The major cities are facing constant demographic growth: in 2019, almost 10,000 people will choose to live in Brussels, compared with 3,714 in 2016. But what about the mobility and cars of these new citizens opting for urban life?
In a metropolis like Brussels, the growth in the number of vehicles is, fortunately, slower than the growth in the population. Despite this, the ratio of on-street parking spaces to inhabitants is still one in five. To this, we have to add hundreds of thousands of commuters who drive into the city every day. These motorists are all faced with the same observation: parking spaces are a scarce commodity in Brussels, and this lack contributes to increased urban congestion and pollution. So how can parking lots be a vector for creating a smoother, more pleasant, and gentler mobility?
Existing initiatives mainly seek to discourage commuters from taking their cars to the city. We see, for example, the removal of on-street parking spaces and replacing them with cycle paths or green spaces to improve the quality of life of the inhabitants. In spite of these initiatives, the car is still a heavily used means of transport and the demand for parking is still growing.
How can this demand be met, while at the same time providing smooth mobility for commuters and a more pleasant urban experience for local residents? By offering shared and connected off-street parking lots. These private and under-utilized parking lots, such as the parking lots of certain companies, are then opened and made available to users who need them. This sharing not only frees up space on the street but also gives users a feeling of security. Above all, it represents an opportunity to create a new way of getting around.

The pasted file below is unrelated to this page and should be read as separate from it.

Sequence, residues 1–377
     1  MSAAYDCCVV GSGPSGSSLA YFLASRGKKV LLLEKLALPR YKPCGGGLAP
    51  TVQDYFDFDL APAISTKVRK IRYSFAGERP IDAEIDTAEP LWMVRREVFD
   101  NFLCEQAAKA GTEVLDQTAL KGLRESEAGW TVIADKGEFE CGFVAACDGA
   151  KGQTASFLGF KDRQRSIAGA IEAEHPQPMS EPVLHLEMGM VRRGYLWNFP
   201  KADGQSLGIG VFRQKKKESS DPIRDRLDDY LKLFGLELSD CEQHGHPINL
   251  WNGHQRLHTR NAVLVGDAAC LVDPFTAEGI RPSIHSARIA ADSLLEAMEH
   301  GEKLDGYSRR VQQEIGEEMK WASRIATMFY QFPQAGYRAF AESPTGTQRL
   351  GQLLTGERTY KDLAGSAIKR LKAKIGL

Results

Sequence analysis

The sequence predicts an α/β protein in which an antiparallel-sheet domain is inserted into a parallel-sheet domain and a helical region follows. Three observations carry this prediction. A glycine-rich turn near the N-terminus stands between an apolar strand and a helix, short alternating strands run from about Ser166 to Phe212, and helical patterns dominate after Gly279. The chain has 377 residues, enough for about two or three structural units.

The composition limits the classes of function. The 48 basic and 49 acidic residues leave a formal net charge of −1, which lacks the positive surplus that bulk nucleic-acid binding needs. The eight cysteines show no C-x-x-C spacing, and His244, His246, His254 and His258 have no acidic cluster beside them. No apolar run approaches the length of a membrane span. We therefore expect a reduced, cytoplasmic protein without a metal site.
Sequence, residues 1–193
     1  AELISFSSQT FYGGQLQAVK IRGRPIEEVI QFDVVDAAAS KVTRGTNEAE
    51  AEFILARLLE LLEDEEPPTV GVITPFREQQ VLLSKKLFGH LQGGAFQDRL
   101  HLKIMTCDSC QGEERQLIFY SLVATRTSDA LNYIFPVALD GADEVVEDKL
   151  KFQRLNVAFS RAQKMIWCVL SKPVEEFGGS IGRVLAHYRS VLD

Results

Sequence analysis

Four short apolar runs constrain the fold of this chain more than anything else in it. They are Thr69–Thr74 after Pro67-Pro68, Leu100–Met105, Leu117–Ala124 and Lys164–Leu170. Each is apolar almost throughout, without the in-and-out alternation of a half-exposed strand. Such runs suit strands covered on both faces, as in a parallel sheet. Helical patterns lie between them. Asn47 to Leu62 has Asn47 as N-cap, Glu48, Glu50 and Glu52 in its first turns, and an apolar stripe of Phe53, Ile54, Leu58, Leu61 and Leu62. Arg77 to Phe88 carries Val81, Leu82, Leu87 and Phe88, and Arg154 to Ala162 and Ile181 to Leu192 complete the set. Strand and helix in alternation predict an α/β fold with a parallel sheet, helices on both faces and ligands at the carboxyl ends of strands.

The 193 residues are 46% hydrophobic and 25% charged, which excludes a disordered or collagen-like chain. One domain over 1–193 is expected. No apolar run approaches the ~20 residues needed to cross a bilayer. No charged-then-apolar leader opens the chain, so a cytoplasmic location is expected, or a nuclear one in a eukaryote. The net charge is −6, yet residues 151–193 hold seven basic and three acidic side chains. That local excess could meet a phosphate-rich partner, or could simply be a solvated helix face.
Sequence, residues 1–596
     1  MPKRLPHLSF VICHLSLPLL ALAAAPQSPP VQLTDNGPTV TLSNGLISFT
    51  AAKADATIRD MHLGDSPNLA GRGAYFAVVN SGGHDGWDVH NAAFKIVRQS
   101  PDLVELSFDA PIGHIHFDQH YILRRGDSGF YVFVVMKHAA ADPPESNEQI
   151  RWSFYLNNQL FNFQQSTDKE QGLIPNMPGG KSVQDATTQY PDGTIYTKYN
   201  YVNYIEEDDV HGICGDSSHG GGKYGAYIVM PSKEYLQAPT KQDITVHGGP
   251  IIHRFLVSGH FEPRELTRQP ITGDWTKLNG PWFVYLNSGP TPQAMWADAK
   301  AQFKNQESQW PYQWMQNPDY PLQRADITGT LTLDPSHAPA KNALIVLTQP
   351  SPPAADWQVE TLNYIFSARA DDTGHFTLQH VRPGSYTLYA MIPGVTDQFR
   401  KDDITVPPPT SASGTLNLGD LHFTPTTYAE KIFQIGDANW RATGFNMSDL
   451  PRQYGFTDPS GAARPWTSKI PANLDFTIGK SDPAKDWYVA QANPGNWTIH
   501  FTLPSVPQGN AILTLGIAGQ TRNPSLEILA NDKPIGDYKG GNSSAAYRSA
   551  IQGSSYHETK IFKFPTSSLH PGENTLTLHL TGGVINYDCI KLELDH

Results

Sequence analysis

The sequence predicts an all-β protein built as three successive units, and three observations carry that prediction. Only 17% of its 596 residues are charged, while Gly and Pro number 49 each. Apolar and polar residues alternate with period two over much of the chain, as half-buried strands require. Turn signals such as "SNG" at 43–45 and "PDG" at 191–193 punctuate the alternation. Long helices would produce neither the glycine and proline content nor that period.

Urban mobility is changing. In 5 years, the number of cyclists has doubled in Brussels. If we take into account the switch to electric vehicles, the new flexible modes of mobility, and shared mobility, parking lots must also keep pace with this evolution. The parking lot can no longer just be used for parking cars; it must become a space that gives users the opportunity to choose their means of transport.This is exactly the purpose of shared parking lots.
In these parking lots, we will find bicycles, motorbikes, and scooters. The shared parking lot is also the place where you can leave your shared vehicle or have your electric vehicle charged.
The icing on the cake? The shared parking lot connects this multitude of means of transport. Imagine the scenario: you go by car to a parking lot, then decide to take an electric scooter from there and leave it in another, more central parking lot, where you can catch the train, tram, or metro to reach your final destination.
As a result of this information, it is now possible to give a clear answer to the question "How to use parking to create soft urban mobility".
The mutualization of parking lots makes it possible to unblock the immobility of buildings to allow the city to be uncluttered.
It will be de-cluttered because the traffic linked to the search for parking spaces will be drastically reduced, a fact that is not negligible when we know that it represents 30% of urban traffic. A city will also be de-cluttered because the cars usually parked on the streets will have migrated to a secure private parking lot. Finally, a less polluted and more pleasant urban life will exist, because these parking lots offer new possibilities for mobility, for example by providing spaces for cargo bikes for residents and goods transport.
With the opening of immobile parking lots, we can finally unlock mobility.